The best way to get your job and portfolio under control is to work to a daily and weekly plan. It can also be said that the end of each month will be busier with reporting requirements and property analysis. So look at the factors of work that apply to each day, each week, and each month. Split the working day into two segments. The first half a day should be devoted to documentation and reporting issues. The last half the day can be devoted to clients and tenant contact. Obviously there will be some variations and pressures that apply.
So you work in a busy segment of the market. At least 80% of your time should be under control. In that way you will preserve the quality of performance and control that your clients require in commercial and retail property management.
To manage a shopping centre effectively and efficiently, the shopping centre manager needs to be knowledgeable but also time efficient. There are many pressures to balance as part of the property management process.
In an average working day, the following activities are some of the big items that will usually require attention on the part of the manager:
Collection of rental relative to the leases
Connecting with tenants regards day to day matters
Ensuring that the customers to the property receive the correct services and experiences
Marketing vacant tenancies within the property
Staying on top of the critical dates relative to the tenancy schedule and the existing leases.
Maintaining the property physically as to maintenance and essential services.
Balancing the tenancy mix with an affective a business plan and tenant retention plan
Reporting to the landlord on a regular basis regards income activity, expenditure activity, and rental arrears.
Marketing the property from a customer trade perspective to improve sales across the tenancy mix
Finding new tenants for the property based on the requirements of the mix and the upcoming vacancies.
So there are many things to do when it comes to managing a retail property. The larger the property, the more challenging the workload and the diversity.
It should be said that the larger shopping centres will usually have a team of people splitting the key issues of the property into different disciplines. When that happens, the cost of the staffing structure will be built back into the recoverable expenses for the property. It is quite normal for the centre management cost structure to be a recoverable item within the lease documentation.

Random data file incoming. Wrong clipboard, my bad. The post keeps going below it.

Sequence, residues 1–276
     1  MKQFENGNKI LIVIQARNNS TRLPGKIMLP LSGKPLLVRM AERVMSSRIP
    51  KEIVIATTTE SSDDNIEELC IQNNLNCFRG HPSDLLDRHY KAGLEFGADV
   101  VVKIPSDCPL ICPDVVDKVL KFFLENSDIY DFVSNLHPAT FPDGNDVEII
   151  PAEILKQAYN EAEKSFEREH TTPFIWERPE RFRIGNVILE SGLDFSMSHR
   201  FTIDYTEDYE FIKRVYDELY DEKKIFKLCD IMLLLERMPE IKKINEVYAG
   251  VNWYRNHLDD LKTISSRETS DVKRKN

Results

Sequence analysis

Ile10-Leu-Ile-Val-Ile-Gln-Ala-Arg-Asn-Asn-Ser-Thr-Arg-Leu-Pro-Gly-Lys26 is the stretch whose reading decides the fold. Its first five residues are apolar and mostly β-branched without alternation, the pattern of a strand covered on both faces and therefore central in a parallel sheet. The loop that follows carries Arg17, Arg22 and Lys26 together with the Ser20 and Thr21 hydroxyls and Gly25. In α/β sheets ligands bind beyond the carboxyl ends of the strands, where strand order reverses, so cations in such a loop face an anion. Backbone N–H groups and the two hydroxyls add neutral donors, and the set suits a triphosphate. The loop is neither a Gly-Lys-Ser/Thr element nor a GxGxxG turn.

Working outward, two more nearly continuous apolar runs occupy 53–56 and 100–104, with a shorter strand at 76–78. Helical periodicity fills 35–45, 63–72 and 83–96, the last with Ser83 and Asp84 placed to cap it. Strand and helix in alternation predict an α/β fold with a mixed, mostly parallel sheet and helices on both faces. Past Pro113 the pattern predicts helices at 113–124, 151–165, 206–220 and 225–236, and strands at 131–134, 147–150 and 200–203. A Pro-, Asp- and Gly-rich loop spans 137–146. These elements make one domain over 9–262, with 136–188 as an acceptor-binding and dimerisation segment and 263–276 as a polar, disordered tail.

So here are some strategies to help Retail Property managers stay on top of the workload and the challenges of the job.
Create check-lists for processes. You can have check-lists across leasing, maintenance, reporting, tenant mix, tenant contact, budgeting, and landlord contact. The same process can apply when it comes to property handover.
Start the day early, and get the difficult documentation and paperwork out of the way. The first 3 hours a day should be devoted to paperwork and processes.
Where ever possible, delegate key tasks to members of your team. A successful retail property will be built around the strengths of the team, and the professionalism of communication.
Document everything when it comes to tenant and landlord contact. Over time the notes and the event recording processes will support you in the case of any litigation or negotiation.
At the beginning of the week, hold a team meeting where you can cross reference critical issues across the property, within the tenancy mix, and with the landlord. Create an agenda for the process, so that you can stay on track with critical issues. Follow things through where complex issues apply or negotiations are continuing.
The income and expenditure activities within the property will be important in many different ways. Tenant occupancy, lease structures, and critical dates will all have an impact on cash flow. Understand all of those factors as part of providing a top service to your clients. Stay ahead of the critical dates and be prepared for the negotiations that follow.
A successful retail property is one that is managed effectively, efficiently, and correctly. Give due regard to occupant and customer safety, as well as the rules and regulations that apply to building codes and essential services.